There have been several intriguing studies exploring the topical delivery of oligonucleotides within the past decade. Experimental studies using a nuclear factor kappa B decoy oligonucleotide (13 kDa) showed initial promise as a potential topical treatment for atopic dermatitis. The product progressed as Avrina into Phase1/2 (14) but despite the clinically positive data, it does not seem to have progressed further. Some of the constraints related to modifications of antisense molecules and their fixed structural nature may explain this lack of progression. More recently, topical application of a tumor necrosis factor (TNF)-α suppressing antisense spherical nucleic acid showed that treatment with the highest dose resulted in a statistically significant decrease in TNF messenger ribonucleic acid (mRNA) expression in psoriatic skin (15). This technology will be interesting to watch because it appears there are several similar compounds in early development.

Topical delivery of aptamers

Aptamers are a subclass of large molecules that have been shown to have high binding affinity and selectivity with the ability to disrupt protein–protein interactions. Currently, it is not possible to disrupt these protein–protein interactions with traditional small molecules. Aptamers, therefore, represent a new class of molecules that could have antibody-like binding affinity with the possibility of topical delivery. Evidence from the literature supports their rapid clearance from the systemic circulation, thus limiting unwanted systemic side effects and restricting the biologic effects of topically administered aptamers to the skin (16). Interestingly, aptamers offer significant conformational plasticity and flexibility. Moreover, their structure can be modified without the loss of significant activity (17, 18).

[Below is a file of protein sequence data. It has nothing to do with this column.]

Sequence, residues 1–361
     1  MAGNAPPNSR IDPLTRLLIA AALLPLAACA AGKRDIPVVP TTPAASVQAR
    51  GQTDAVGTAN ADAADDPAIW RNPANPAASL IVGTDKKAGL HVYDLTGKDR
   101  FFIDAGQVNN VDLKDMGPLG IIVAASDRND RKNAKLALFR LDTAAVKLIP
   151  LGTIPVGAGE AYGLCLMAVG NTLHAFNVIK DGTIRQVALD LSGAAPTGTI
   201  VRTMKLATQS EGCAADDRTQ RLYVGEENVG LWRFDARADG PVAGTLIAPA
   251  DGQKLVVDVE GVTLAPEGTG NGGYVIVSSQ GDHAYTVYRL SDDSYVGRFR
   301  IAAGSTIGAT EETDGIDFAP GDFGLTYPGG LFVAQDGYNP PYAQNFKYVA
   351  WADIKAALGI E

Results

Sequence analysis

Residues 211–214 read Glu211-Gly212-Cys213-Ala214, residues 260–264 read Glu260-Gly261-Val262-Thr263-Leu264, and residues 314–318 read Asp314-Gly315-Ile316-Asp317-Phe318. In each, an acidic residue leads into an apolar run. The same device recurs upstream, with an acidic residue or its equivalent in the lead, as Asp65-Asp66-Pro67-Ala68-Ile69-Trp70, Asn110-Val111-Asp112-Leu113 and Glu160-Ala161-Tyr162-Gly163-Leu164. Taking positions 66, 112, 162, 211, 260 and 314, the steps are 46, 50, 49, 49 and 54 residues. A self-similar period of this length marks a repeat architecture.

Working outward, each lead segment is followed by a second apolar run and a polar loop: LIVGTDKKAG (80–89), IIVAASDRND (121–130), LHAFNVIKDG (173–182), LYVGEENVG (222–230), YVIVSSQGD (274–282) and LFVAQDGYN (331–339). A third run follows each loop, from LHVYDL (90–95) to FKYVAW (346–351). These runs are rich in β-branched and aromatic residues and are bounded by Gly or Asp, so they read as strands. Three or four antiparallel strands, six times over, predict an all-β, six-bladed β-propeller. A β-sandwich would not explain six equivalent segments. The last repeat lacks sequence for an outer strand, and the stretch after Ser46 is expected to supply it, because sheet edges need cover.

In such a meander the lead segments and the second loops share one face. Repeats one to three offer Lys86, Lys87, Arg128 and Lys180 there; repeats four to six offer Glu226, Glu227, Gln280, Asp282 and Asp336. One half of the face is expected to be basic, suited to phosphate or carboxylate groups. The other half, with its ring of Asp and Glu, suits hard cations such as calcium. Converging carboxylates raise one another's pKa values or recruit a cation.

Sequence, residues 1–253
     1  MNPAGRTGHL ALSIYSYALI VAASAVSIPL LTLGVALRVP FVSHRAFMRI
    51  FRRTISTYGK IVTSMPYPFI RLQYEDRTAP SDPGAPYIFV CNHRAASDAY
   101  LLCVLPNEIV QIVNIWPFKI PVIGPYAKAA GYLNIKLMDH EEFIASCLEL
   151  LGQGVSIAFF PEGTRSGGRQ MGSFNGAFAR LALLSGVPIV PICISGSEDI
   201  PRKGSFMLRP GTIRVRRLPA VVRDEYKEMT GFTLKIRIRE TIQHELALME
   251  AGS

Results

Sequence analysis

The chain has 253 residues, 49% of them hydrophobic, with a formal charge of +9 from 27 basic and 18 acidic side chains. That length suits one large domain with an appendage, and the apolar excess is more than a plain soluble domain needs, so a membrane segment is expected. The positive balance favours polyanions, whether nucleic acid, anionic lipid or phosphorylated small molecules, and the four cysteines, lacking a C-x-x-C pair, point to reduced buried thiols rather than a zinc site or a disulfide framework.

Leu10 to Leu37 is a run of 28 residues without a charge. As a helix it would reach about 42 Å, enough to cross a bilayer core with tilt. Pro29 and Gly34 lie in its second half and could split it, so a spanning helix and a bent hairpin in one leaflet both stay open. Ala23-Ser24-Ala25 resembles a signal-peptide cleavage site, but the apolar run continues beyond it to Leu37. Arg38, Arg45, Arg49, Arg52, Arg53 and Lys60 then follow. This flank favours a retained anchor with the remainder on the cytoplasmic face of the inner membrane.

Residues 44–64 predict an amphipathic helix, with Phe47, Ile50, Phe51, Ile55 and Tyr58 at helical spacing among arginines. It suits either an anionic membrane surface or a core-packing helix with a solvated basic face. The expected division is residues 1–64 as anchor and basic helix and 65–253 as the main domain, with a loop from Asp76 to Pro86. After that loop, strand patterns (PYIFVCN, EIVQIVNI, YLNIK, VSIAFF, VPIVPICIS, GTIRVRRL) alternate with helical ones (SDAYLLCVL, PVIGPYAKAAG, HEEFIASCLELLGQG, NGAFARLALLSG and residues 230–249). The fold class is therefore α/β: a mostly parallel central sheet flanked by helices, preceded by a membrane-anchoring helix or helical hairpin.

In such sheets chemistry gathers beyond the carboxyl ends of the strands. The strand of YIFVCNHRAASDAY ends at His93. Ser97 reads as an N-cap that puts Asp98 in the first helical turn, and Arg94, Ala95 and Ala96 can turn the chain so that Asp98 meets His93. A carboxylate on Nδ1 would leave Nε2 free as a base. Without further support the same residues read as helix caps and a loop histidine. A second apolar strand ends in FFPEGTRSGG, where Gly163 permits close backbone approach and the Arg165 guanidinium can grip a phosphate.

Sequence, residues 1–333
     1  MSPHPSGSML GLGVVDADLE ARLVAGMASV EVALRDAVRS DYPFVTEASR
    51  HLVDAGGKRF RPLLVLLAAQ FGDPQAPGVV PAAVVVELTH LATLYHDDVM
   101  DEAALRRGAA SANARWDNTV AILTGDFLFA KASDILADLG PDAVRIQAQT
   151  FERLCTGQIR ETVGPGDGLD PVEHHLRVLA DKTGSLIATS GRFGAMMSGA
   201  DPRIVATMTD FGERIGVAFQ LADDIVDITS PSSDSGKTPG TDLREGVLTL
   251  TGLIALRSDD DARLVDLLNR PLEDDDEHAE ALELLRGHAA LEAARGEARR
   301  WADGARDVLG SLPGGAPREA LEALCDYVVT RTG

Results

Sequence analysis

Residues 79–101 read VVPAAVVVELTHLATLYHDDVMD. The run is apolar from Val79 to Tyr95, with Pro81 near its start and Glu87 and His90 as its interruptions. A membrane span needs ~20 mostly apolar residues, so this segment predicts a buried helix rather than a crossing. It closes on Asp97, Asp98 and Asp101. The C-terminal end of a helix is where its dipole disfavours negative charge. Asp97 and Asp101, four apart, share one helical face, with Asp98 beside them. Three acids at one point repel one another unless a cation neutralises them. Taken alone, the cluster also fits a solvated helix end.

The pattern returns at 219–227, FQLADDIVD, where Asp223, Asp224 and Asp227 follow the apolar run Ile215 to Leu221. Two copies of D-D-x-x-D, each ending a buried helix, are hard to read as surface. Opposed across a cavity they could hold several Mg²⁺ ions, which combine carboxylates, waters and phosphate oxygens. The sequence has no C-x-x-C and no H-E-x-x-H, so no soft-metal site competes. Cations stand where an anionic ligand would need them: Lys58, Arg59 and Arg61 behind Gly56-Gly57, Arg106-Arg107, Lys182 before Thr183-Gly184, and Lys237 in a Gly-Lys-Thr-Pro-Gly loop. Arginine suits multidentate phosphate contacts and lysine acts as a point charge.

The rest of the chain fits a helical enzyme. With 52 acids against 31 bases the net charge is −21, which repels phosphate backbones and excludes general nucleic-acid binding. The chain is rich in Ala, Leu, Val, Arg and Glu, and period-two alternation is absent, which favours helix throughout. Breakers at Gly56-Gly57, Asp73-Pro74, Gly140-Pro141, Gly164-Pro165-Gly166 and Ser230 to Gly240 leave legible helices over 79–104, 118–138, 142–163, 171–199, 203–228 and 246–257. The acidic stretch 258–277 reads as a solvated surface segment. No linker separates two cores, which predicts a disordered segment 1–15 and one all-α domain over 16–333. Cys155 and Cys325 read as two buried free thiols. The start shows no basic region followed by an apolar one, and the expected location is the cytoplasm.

In a recent publication, researchers at GlaxoSmithKline, University of Reading, and MedPharm showed, for the first time, that a 62-nucleotide (20,395 Da) RNA-based aptamer, highly specific to the human interleukin (IL)-23 cytokine, permeated intact human skin to therapeutically relevant levels in both the epidermis and dermis (19). This observation was particularly surprising considering the compound was 40 times larger than what is commonly accepted as possible for passive topical delivery in the skin.

In the study, the authors used multiple approaches to demonstrate the topical delivery of the aptamers, including fluorescently labeled aptamer, confocal microscopy, and a novel dual hybridization assay that used capture and detection probes with oligonucleotide precipitation to be able to quantify the aptamer at picomolar levels. They showed the IL-23 aptamer delivered into the skin was significantly above the cellular IC50 values (119,000-fold > IC50 in the epidermis; 3400-fold > IC50 in the dermis) when treated topically using a simple cream formulation. This portion of the study used freshly excised human skin and a diffusion cell commonly referred to in-vitro penetration/permeation (IVPT) and is considered the “gold standard” for assessing topical delivery for both biopharmaceutical companies and regulatory agencies. To confirm the IVPT delivery and to help visualize this delivery, confocal microscopy was introduced on sections from the IVPT study, and this aptamer appeared to localize to the intracellular and extracellular compartments within the viable epidermis (see Figure 1). It was interesting that this observation was noted to confirm a previous publication, showing the uptake of a different aptamer into primary human keratinocytes (20). From this independent observation, it could be extrapolated that intracellular and extracellular targets are possible with this technology.

Figure 1: Topical application of IL-23 aptamer shows penetration into the human skin
and into the keratinocytes. (a) Penetration of IL-23 Cy3 labelled aptamer (orange) into
intact human abdominal skin after zero (wash control), 6 and 24 hours post dosing.
(b) Uptake of IL-23 aptamer into skin keratinocytes (dashed lines indicating the
epidermal junction). (c) Intracellular uptake of aptamer (green) with nuclear
DAPI stain (blue) used for cellular orientation. Scale bar = 50 micrometers.